Weekly Florida Keys Fishing Update from Capt. Dave Schugar and Sweet E'Nuf Charters
Posts Tagged ‘squid’
Monday, May 10th, 2010
MARATHON, Florida Keys — Dolphin, dolphin, and more dolphin. It still isn’t a full-blown dolphin bite, but there are days which you can be proud of. It seems to be good one day and slow the next. I fished every day this week, but only one day was devoted to dolphin, and it was a little slow on that day. There were some fish caught around 12-15 miles from the beach, with a few big fish in the 30-50 pound range. I even heard of someone getting a 70 pounder…now that is a fish of a lifetime. Most of what I had seen and heard, schoolies have been scattered just about anywhere. Any day now we will see lots of large fish pouring through somewhere, I hope it is tomorrow.
While you’re out offshore, you might as well drop a few times for some snowys and other bottom fish. The bite has been great, but I wouldn’t know personally…I have been stuck on the reef catching my share of the yellowtails and groupers. The spots I have been fishing range from 75-98 feet of water. Finding a good big yellowtail spot isn’t hard to do right now…it’s their time to do the wild thing so they are very aggressive and hungry. I have been fishing this one spot where three bull sharks have taken up residence and occasionally a hammerhead or a tiger shark will show up to get their fill of these yellow delights.
The grouper bite has been great ever since it opened back up on May 1st. Hitting the wrecks and fishing the reef has produced a bunch of nice black groupers from 15-30 pounds. I have landed many goliaths from 30-150 pounds this week. We hooked many fish that I didn’t even slow down. I use a simple leader rig with 80-pound main line with 100-pound leader. Even with the drag locked down, I still can’t stop some of the fish before they get into the structure. I am thinking about going up in test, there are some slobby groupers out there. I am still looking to beat my 63-pound black grouper I got a few years back…one of these days, I can feel it! To fish for these dinosaurs, I like to use large yellowtails, up to 2 pounds, and grunts bigger than your hand. Even small-but-legal grouper can eat either of these baits; they have a voracious appetite and a mouth to match.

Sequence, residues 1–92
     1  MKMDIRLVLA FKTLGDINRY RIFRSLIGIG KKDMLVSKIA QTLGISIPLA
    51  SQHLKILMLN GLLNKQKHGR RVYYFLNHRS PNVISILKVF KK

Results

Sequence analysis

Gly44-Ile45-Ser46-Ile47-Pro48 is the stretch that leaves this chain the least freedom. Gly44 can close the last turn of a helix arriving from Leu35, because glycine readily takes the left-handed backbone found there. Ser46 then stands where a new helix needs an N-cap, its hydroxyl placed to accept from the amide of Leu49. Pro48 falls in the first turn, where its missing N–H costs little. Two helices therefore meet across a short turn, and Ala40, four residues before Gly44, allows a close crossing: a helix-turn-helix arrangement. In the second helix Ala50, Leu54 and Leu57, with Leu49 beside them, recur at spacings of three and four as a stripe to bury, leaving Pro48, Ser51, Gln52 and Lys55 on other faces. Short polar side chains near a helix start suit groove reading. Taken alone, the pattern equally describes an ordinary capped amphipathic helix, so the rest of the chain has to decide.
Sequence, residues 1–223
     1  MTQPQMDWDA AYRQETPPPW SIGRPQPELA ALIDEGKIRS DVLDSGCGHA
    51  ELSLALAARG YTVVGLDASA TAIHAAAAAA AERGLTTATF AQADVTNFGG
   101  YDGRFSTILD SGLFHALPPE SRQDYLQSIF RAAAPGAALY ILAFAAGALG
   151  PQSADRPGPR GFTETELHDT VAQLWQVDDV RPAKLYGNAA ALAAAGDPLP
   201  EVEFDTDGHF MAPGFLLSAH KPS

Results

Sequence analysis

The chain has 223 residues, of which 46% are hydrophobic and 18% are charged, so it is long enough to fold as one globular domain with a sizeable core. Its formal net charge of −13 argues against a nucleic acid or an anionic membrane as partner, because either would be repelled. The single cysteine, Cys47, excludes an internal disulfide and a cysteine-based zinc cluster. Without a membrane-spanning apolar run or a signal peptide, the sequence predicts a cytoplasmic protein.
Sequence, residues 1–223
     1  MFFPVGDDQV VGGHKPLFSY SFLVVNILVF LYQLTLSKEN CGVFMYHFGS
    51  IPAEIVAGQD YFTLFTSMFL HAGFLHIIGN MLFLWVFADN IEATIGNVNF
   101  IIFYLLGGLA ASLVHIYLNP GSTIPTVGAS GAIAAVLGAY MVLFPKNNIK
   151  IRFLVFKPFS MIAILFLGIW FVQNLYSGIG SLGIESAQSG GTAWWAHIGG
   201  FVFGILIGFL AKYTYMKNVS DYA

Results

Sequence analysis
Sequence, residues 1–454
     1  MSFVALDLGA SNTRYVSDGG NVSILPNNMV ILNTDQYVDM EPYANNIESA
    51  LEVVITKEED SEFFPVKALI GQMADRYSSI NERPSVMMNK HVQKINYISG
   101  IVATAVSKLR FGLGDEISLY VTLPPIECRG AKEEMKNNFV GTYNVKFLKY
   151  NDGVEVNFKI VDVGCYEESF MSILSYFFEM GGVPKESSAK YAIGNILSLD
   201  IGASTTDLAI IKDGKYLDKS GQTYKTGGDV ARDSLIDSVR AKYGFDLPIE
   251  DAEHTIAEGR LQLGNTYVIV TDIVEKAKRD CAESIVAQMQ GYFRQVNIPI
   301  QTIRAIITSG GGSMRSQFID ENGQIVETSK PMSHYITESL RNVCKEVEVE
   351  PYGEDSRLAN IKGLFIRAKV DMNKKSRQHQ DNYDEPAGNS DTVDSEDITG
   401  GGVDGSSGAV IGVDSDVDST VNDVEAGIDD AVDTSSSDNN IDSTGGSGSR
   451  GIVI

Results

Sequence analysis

The swordfish bite was red hot, from what I heard from the boys. Summer time isn’t the best time to get a lunker, but there are lots of them out there. Even though you still might get lucky and get a 500 pounder, most of the big fish are on their way back up to the North, where they’ll be harvested by long liners up off of New York and Boston. Strip baits still seem to be the best baits along with squid. When you use squid you can sometimes end up with an oilfish, escolar, or even a pompfret. You just never know what you’re going to get when you drop a bait down 2,000 feet.
Good luck, and make sure you got all of your paper work onboard. Law Enforcement has been out in full force, especially if you are diving…those dive flags seem to attract them. Make sure you are abiding by all the new laws, or it could cost you.
Monday, January 4th, 2010
MARATHON, Florida Keys — Brrrrrrr, it is just down right cold outside. Global warming, what? Fishing this week was a bit off for the weather we have been having, but it might be caused by the Gulf Stream being so far offshore. Most of the week the Gulf Stream has been around 20-26 miles offshore which puts a big gap between it and the edge of the reef. The green water, which has had little to no current, has pushed all the way out to the beginning edge of the continental shelf. There has been bait all the way out to the blue water, but as soon as you enter the blue water the water temperature jumps up from 74 degrees to 77.5 degrees.
Sail fishing has suffered as did most of the offshore species, but I did find a couple fish each day while fishing in tight to the edge of the reef. The grass has made it hard to troll, but trying to find fish in the shallows is really tough because of the milky water conditions. We found some nice big kings while slow trolling for sails with a deep bait. The ballyhoo are hoarding around the shallow banks on the Oceanside. Catching plenty of bait has not been the problem. I have talked to many captains this week and it seems to be a consensus, the sail fishing is slow, and it won’t get better unless the current comes back.